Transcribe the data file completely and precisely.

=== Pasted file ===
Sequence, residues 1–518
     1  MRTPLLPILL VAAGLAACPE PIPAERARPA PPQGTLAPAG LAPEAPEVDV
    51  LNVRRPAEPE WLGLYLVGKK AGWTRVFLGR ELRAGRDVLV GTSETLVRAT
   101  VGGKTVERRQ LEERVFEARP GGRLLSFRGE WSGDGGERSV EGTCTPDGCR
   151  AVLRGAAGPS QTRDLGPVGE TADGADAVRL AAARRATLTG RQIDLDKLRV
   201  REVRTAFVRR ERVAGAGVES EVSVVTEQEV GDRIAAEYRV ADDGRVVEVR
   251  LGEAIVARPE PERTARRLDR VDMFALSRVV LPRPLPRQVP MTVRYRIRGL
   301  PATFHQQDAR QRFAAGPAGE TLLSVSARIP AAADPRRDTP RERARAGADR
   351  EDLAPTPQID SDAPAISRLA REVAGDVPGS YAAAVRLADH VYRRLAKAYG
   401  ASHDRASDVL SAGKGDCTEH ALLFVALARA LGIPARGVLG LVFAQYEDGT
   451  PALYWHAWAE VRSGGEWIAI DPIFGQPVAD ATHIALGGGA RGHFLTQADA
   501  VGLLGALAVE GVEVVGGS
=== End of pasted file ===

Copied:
Sequence, residues 1–518
     1  MRTPLLPILL VAAGLAACPE PIPAERARPA PPQGTLAPAG LAPEAPEVDV
    51  LNVRRPAEPE WLGLYLVGKK AGWTRVFLGR ELRAGRDVLV GTSETLVRAT
   101  VGGKTVERRQ LEERVFEARP GGRLLSFRGE WSGDGGERSV EGTCTPDGCR
   151  AVLRGAAGPS QTRDLGPVGE TADGADAVRL AAARRATLTG RQIDLDKLRV
   201  REVRTAFVRR ERVAGAGVES EVSVVTEQEV GDRIAAEYRV ADDGRVVEVR
   251  LGEAIVARPE PERTARRLDR VDMFALSRVV LPRPLPRQVP MTVRYRIRGL
   301  PATFHQQDAR QRFAAGPAGE TLLSVSARIP AAADPRRDTP RERARAGADR
   351  EDLAPTPQID SDAPAISRLA REVAGDVPGS YAAAVRLADH VYRRLAKAYG
   401  ASHDRASDVL SAGKGDCTEH ALLFVALARA LGIPARGVLG LVFAQYEDGT
   451  PALYWHAWAE VRSGGEWIAI DPIFGQPVAD ATHIALGGGA RGHFLTQADA
   501  VGLLGALAVE GVEVVGGS